Cobblestones

Classic finding for cellulitis (but not specific to cellulitis). There will be hyperechoic lobules of subcutaneous fat surrounded by relatively hypoechoic inflammatory fluid.13

Cobblestone – Cellulitis

Purulent Fluid Collection

Classic finding for an abscess; have a rounded shape of anechoic or hypoechoic fluid collection, and there will be surrounding areas of cobblestones from the overlying cellulitis.13 As well, there should be no color flow if doppler is applied to the area (helping to distinguish from lymph node or vessel).14

Abscess – Anechoic Collection
Possible Abscess or Lymph Node? – This is a lymph node – see below
Colour flow differentiates lymph node from abscess

Necrotizing Fasciitis

Because you do not want to miss it! Findings via ‘STAFF’; subcutaneous thickening, air, and fascial fluid.14 Note, that ultrasound does not to exclude the diagnosis. Also need clinical correlation to increase suspicion of such a serious infection.15

Necrotizing Fasciitis – STAFF

Treatment:

According to The Infectious Diseases Society of America (2014) guidelines, management of SSTIs is differentiated based on the presence/absence of purulence (i.e. abscess/fluid collection). They recommend that all purulent infections be treated with incision and drainage, with more severe infections (signs of systemic involvement) being cultured with sensitivities in order to add antibiotics to the treatment.16 Otherwise, non-purulent infections are to be treated with systemic antibiotics; the severity of the infection determining the route and choice of agent.16

Antibiotic therapy, in addition to incision and drainage of a skin abscess, is suggested for patients with any of the following:17

  • Single abscess ≥2 cm or multiple abscesses
  • Large are of surrounding cellulitis
  • Patients with immunosuppression or other comorbidities
  • Signs of systemic involvement (fever > 38°C, hypotension, or tachycardia)
  • Poor clinical response to incision and drainage alone
  • Presence of an indwelling medical device
  • High risk for adverse outcomes with endocarditis (these include a history of infective endocarditis, presence of prosthetic valve or prosthetic perivalvular material, unrepaired congenital heart defect, or valvular dysfunction in a transplanted heart)
  • High risk for transmission of aureus to others (such as in athletes or military personnel)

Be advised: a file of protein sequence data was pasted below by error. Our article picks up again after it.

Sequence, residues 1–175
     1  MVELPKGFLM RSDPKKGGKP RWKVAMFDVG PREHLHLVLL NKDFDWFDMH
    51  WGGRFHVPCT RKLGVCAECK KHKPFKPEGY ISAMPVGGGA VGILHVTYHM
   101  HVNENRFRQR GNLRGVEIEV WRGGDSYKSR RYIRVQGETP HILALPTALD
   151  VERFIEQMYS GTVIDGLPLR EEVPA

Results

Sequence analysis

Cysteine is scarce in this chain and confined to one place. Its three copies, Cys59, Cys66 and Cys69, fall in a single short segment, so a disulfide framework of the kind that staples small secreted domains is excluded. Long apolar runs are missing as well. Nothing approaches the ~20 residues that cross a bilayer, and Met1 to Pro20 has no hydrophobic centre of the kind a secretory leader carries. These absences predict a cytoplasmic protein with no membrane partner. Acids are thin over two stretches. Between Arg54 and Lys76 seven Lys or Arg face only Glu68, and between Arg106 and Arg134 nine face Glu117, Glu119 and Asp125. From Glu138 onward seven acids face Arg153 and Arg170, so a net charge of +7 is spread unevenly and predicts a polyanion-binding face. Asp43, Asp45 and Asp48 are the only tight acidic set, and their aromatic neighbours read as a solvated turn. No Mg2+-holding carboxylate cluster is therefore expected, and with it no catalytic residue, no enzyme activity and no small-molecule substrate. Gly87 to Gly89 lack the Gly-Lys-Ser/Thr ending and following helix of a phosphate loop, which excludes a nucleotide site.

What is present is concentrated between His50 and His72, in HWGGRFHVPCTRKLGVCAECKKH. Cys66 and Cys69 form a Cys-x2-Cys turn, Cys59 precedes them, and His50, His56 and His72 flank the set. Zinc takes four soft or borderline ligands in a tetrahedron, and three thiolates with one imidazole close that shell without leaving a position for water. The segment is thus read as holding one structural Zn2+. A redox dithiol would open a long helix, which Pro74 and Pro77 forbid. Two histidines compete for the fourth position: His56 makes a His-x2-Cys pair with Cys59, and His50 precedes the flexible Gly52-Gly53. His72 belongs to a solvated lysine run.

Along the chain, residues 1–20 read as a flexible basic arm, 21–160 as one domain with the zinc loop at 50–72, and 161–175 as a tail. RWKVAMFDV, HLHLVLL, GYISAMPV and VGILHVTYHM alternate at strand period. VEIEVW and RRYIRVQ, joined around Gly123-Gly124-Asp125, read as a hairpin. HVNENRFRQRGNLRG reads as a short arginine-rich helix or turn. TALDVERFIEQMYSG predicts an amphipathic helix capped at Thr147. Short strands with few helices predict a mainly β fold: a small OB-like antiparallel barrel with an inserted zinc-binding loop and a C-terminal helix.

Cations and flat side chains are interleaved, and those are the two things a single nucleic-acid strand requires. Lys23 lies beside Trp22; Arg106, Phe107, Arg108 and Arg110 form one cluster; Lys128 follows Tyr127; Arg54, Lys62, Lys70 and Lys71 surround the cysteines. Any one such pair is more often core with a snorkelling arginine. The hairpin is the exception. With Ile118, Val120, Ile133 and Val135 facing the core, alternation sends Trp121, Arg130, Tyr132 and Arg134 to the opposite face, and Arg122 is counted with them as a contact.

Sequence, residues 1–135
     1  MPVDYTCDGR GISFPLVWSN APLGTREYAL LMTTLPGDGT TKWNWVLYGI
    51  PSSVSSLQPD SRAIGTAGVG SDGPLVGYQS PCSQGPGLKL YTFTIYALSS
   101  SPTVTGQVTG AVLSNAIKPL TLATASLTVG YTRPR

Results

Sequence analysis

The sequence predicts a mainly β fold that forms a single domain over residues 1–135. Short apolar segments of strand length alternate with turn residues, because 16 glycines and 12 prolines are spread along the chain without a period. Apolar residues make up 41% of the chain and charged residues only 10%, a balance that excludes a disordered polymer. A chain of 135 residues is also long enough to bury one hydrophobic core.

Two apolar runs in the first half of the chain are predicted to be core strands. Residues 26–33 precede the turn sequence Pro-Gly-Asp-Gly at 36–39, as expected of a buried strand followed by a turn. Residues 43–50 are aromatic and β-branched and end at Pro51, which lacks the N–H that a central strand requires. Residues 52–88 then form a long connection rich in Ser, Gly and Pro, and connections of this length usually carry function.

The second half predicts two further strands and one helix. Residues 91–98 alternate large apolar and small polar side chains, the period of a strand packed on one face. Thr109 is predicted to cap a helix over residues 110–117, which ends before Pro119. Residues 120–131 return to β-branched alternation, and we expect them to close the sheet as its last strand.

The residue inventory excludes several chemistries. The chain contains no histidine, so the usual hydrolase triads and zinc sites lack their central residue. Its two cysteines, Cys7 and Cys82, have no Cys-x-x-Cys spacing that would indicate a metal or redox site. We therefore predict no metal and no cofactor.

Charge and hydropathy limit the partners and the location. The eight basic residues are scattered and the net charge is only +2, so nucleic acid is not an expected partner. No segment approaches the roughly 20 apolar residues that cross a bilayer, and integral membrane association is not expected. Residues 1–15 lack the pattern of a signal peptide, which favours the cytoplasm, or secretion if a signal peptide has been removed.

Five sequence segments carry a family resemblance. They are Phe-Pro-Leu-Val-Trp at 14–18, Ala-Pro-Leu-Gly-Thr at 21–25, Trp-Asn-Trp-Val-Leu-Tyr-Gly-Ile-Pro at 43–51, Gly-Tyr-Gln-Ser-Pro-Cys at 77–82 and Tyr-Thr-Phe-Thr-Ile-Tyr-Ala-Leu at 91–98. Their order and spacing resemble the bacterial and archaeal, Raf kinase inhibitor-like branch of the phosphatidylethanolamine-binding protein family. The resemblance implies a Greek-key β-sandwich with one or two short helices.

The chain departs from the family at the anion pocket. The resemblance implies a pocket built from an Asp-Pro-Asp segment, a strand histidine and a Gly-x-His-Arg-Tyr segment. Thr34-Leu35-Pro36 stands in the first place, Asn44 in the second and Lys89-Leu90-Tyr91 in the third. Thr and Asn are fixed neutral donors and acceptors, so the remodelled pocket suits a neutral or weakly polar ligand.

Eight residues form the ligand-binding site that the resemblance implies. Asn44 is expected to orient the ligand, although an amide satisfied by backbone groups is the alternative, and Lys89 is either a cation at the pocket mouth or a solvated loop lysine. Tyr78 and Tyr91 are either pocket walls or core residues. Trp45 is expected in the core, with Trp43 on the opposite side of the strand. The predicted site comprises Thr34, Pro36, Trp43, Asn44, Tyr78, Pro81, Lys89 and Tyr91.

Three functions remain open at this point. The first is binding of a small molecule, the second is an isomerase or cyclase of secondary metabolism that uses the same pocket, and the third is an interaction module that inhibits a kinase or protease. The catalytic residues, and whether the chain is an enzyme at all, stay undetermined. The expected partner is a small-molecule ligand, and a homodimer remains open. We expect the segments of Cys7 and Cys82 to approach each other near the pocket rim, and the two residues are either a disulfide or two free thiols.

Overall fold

Horizon Health’s local trends recommend the following (see guideline or Spectrum app for full details)

Severity of Infection

 

 

Antibiotic

Mild

Moderate

Severe

Cephalexin 500 – 1000mg PO q6h x 5 days

ceFAZolin 2 g IV q8h x 5 days

ceFAZolin 2 g IV q8h +/- Clindamycin 900 mg IV q8h

If true beta-lactam allergy

Cefuroxime 500 mg PO BID or TID x 5 days

Clindamycin 600-900 mg IV q8h x5 days

 

If MRSA suspected

Septra 800/160 mg or 1600/320 mg PO q12h x 5 days

Vancomycin 25-30 mg/kg IV once then 15mg/kg IV q8 to q12h x 5 days

ADD Vancomycin 25-30 mg/kg IV once then 15mg/kg IV q8 to q12h

 


Some research is suggesting that POCUS can take the assessment of abscesses one step-further and impact management based on the depth and size of the fluid collection seen in imaging. Russell et al. found that abscesses less than 0.4cm below the skin surface could be effectively treated without incision and drainage.18 Another study found that patients, with skin abscesses less than or equal to 5cm in diameter, treatment with oral antibiotics in combination with incision and drainage had improved short-term outcomes compared to those patients treated with the procedure alone.18 While as mentioned above, UpToDate, suggests that antibiotics be used in single abscess greater than 2 cm in size. As well, research has found that ultrasound guided incision and drainage provides lower failure rates (less recurrent infections or multiple incisions) compared to blind incision and drainage. Likely due to better visualization of the abscess and more adequate initial drainage.19


Limitations